Cyber insurance is currently a $2 billion market, according to Betterley Risk Consultants Inc., and most cyber insurers report consistent premium growth in the double digits. Even so, only one-fifth to one-third of companies has any sort of cyber coverage in place, according to the Ponemon Institute.
“The cyber risk insurance market is still a small market that gets more talk than action, but it is a significant growth opportunity for brokers,” said Ken A. Crerar, president and CEO of the Council of Insurance Agents & Brokers.
Capitalizing on that opportunity starts with education. “Businesses must truly realize that they have potential exposure in their own operations. Only after such awareness develops do insureds become interested in buying the coverage,” according to Patricia A. Borowski, senior vice president at the National Association of Professional Insurance Agents.
“The biggest challenge is getting small- and medium-sized businesses to understand that cyber risk is important to insure,” added Joe Coray, vice president of The Hartford’s Technology and Life Science Practice. “Large healthcare companies, financial services, educational institutions—they get it. But unfortunately we’re seeing many cyber events happen at small businesses that have limited, minimal, or no coverage.”
Evolving Coverage, Emerging Risk
Cyber coverage has evolved over the years. “Initially, businesses were more concerned about the cost of responding to a breach, and that’s what early cyber policies covered. We are seeing them now worried also about their own loss. Although a lot of insurance programs are still primarily third-party, more carriers are starting to add first-party coverages,” said Christine Marciano, president of Cyber Data Risk Managers, an independent insurance agency that specializes in data privacy, cyber liability risk, and intellectual property protection.
The challenge for producers is that no two insurers’ policies have evolved the same way. “Forms aren’t standardized, so there is a lot of confusion in the marketplace about what a policy might provide insurance for compared to what customers are trying to cover,” said Kirstin Simonson, second vice president, global technology underwriting at Travelers.
“It’s the producers’ job to do their homework. They need to go thorough the coverage forms, sit down with their clients, and do their own due diligence. If they don’t, it’s their own E&O issue,” added Marciano.
Not only do coverage forms keep evolving; so do the risks that companies face. Business interruption, new types of cyber crime, and intellectual property are all issues businesses are looking to cover.
“What we are seeing emerge within business interruption is a heightened demand for coverage and higher limits for companies that really need it. The interest is particularly acute in the energy sector, manufacturing, and other industries that are concerned with hackers or malware getting into their systems and interrupting their ability to supply their customers,” said John Coletti, a vice president at XL Group who leads the insurer’s cyber and technology underwriting team.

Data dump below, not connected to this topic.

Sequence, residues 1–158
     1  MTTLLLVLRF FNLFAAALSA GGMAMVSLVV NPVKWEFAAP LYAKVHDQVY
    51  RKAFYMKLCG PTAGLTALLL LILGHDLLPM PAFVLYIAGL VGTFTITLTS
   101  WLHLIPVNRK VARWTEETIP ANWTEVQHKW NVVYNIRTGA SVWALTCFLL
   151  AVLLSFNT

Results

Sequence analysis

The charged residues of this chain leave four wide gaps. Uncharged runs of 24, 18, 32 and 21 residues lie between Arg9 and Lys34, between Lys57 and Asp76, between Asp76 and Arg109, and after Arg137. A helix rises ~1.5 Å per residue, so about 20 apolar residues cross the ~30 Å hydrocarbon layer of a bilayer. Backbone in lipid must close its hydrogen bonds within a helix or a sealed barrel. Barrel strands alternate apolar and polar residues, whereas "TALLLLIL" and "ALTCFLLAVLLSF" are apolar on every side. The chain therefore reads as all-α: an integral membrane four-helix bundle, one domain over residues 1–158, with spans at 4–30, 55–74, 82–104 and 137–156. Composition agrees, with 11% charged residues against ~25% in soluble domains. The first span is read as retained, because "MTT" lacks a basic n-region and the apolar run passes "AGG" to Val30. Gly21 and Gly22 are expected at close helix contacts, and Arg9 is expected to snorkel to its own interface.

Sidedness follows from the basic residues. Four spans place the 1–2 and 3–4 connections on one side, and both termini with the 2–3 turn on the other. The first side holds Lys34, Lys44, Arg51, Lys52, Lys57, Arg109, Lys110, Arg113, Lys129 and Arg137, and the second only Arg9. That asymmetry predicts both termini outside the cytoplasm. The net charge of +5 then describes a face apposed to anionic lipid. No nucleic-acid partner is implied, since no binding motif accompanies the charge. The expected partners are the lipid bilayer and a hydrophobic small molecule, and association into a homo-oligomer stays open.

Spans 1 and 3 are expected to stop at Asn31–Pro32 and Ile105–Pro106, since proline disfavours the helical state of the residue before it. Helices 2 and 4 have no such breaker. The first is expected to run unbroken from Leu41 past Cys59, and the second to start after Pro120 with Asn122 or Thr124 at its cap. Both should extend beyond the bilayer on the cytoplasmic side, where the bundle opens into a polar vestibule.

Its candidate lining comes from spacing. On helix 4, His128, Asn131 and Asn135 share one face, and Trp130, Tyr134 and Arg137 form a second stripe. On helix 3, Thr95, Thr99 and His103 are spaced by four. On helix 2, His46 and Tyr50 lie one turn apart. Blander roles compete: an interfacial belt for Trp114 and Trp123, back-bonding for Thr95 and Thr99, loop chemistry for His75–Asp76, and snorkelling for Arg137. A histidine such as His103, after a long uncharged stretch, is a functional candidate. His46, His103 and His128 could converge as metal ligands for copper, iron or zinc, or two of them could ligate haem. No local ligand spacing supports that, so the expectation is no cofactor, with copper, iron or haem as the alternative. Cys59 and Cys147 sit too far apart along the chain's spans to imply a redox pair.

Many current cyber policies provide some coverage for business interruption; the issue is limits and capacity. “At-risk businesses are looking for millions of dollars of coverage, and the market right now can’t provide that,” Coletti said.
Contingent business interruption is also a growing concern as more companies turn to cloud computing vendors to host applications or provide infrastructure capacity. Coverage gaps exist because traditional business interruption forms require a covered loss at an insured location to trigger coverage, and even forms that offer contingent business interruption for unnamed locations typically insure loss from physical causes, such as a fire or windstorm, rather than a cyber attack.
Conversely, many cyber forms don’t provide contingent business interruption coverage. “You would have to be able to underwrite the cloud provider in order to do so,” Simonson said.
There are ways to cover that gap. “When underwritten on a property form, it may be possible to schedule a cloud location or broaden coverage for unnamed locations of your cyber account,” said Coray. “In either option, a sublimit may apply to direct damage to data or business income, depending on the claim scenario.”
Contractual risk transfer is another option. Depending on the service agreement between a business and its cloud provider, a cloud provider may extend its own coverage to a customer’s risk if the loss originated at the cloud provider’s location.
“Understanding the exposure and how coverage for a data event and related contingent business interruption applies is critical,” Coray said.
Emerging trends in cybercrime center around crypto-locking, ransomware, and other types of extortion where critical business or customer data is held hostage by hackers until money is paid.